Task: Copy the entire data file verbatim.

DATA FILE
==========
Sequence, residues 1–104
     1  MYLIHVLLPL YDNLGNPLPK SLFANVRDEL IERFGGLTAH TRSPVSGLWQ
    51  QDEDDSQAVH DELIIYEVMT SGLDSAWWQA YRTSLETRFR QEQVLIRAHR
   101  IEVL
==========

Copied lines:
Sequence, residues 1–104
     1  MYLIHVLLPL YDNLGNPLPK SLFANVRDEL IERFGGLTAH TRSPVSGLWQ
    51  QDEDDSQAVH DELIIYEVMT SGLDSAWWQA YRTSLETRFR QEQVLIRAHR
   101  IEVL